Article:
Anna Keel began her career with a 4 week placement at the BBC, and has since gone on to become a successful self- shooting PD, whose credits include a number of acclaimed one-off documentaries. Anna teaches the 'Essential Skills for TV Researchers' course with DV Talent.
When I got my first proper job as a researcher I’ll admit I wasn’t fully aware of what was expected of me. In my previous jobs as a PA to an executive producer and then a junior researcher on a small music show, I’d seen researchers research; I’d seen runners run and that was about it. I knew the basics of how to set up a shoot and I was naturally good at finding facts and people, so I got off to a reasonably good start. However, once we got on location I’m afraid to say I did a pretty terrible job.
We were away filming in Germany in a WW2 concentration camp. The crew consisted of myself, the director and a cameraman. Everything felt very relaxed, friendly and collaborative and it was great to see all the locations and people I’d set up for interviews coming together.
At around lunch time, on the first day in the camp, my director tasked me with driving off to find some sandwiches. Off I went with no Satnav, no map, and very limited driving experience feeling a little bit daunted. After struggling to find the exit I eventually wound down the window and attempted some GCSE German, but was unable to understand the answer. Once I finally found the exit I realised we were fairly far from civilization and I had no idea which fork in the road led to the nearest village. Feeling defeated, I drove back to the crew empty handed, admitting I’d got lost and couldn’t find anywhere to buy lunch. The director was just crossing off his final shots for the morning and I thought nothing of him taking the car keys, smiling and saying “I’ll go”. He came back with a bag full of baguettes which we sat and ate before continuing with the shoot.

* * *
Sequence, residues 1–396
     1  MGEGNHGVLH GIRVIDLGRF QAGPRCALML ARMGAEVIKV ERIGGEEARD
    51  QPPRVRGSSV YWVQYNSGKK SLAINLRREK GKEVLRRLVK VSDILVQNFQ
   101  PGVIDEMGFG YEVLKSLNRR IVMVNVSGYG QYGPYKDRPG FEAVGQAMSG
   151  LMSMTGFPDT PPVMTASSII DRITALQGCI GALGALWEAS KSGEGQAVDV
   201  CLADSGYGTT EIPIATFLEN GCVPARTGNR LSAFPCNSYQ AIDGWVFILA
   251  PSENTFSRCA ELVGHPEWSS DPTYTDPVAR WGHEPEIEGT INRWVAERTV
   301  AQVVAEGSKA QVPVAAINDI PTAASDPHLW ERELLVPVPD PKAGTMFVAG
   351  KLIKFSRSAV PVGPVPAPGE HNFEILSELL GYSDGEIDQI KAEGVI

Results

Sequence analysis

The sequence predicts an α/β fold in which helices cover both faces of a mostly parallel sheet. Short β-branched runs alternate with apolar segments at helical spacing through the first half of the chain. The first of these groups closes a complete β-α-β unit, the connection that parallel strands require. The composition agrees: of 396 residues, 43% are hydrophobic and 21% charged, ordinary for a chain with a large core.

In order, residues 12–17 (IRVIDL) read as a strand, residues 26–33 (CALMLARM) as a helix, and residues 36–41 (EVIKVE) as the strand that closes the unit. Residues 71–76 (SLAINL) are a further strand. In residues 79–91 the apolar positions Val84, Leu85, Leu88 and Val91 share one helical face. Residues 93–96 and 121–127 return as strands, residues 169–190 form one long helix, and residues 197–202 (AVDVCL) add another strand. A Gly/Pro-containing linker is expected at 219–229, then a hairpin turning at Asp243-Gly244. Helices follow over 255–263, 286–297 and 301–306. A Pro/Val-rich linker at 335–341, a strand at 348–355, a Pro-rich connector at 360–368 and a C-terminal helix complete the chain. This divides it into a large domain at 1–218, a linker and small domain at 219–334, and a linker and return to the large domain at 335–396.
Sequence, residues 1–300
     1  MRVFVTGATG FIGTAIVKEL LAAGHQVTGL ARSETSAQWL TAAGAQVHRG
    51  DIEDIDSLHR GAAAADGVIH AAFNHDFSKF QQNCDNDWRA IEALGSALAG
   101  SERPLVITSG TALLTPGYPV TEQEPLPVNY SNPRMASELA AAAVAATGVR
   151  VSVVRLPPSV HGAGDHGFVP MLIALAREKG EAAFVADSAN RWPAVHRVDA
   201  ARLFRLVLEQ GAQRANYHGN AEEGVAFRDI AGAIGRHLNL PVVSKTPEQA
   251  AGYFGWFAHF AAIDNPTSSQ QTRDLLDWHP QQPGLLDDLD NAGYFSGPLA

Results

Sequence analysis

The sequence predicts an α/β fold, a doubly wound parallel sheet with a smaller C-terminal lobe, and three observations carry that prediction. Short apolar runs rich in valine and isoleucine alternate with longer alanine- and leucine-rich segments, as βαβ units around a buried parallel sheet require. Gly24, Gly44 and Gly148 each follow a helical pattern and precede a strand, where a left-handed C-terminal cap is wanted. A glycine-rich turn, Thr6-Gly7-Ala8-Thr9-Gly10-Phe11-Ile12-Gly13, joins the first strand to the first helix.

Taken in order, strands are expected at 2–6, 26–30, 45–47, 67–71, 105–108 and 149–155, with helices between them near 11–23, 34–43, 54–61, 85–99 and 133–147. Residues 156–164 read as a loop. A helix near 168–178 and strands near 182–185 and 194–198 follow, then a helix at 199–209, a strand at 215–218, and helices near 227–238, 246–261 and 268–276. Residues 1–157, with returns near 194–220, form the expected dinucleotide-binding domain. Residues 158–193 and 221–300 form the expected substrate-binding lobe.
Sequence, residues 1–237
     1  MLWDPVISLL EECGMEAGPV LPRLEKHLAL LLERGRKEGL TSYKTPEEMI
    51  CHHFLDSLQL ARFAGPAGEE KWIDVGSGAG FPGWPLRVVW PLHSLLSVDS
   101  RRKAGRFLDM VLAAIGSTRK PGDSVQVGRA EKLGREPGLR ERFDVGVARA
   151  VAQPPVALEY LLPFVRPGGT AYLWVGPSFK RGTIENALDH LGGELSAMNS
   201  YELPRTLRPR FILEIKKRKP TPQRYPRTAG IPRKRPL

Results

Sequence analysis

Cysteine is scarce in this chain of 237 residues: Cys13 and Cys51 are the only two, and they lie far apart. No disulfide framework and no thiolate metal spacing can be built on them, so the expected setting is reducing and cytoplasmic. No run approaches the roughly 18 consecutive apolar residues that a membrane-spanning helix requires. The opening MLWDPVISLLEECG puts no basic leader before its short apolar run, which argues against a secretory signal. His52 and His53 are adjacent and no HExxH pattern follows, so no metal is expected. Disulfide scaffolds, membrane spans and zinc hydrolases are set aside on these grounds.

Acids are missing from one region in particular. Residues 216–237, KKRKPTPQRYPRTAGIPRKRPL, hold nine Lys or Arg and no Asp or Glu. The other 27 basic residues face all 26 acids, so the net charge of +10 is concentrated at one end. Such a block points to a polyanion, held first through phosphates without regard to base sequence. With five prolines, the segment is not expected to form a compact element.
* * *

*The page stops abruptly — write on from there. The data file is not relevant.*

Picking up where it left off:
Our next location was Hungary. We met up with an expert in Budapest who I was proud to have found because he was a world authority on Attila the Hun. The man’s English was pretty poor. He pronounced “horses” as “hoses” and “witches “as “switches”. After the interview we all had a little laugh about this and carried on with our day.
All in all it was a fun shoot. We got on well, had nice dinners, fun drives and even went clubbing on our last night.
Oh how blissfully unaware I was of all my mistakes.
A few days later, back in the UK, I was sitting in the office happily researching our next programme when a secretary told me I’d been summoned to see The Head of Production in her office along with my Production Manager. It transpired that my director had complained to them that I was too inexperienced for the job and didn’t seem to know what was expected of me. I didn’t take responsibility for getting the lunches, didn’t think of getting everyone hot drinks when they were filming in the cold and the expert I’d found was unusable. I was horrified and thought I was about to be fired. Extremely luckily for me, the lovely Head of Production told me that she herself was at fault for not sitting me down when I joined the company to talk through what being a researcher actually entails. The two of them went on to tell me almost every element of the job, and continued to school me through the rest of the production.
I will never forget that meeting, or what she told me about being a researcher, and much of it has formed the basis of this course. Her advice to me was based on the gold standard of staff researchers who had been thoroughly trained by The BBC.
There was a time when being a researcher in Television was an end goal in itself. There were researchers at The BBC in their forties and fifties who were extremely proud of the title and brilliant at their jobs. Now it seems that many people see it as a brief stepping stone on the route to being a producer or director. There is absolutely nothing wrong with having those ambitions, but I believe this impatience with climbing the career ladder has led to the standards of researchers dropping. This was part of the reason I wanted to run this training course.
I am forever indebted to the company who helped me on my way to being the best researcher I could possibly be, and very few companies will have the time or resources to do that. Often you are expected to hit the ground running and if you can’t do what’s expected you could find yourself on very dodgy ground. Some of the things you will learn on this course will put you head and shoulders above many researchers in TV. I enjoy being able to share what I’ve learnt over the past 18 years in an industry I continue to love, through all its ever developing evolutions, and hope that you’ll enjoy taking part.
Next Essential Skills For Researcher's Course Running this weekend. For more information email email@example.com.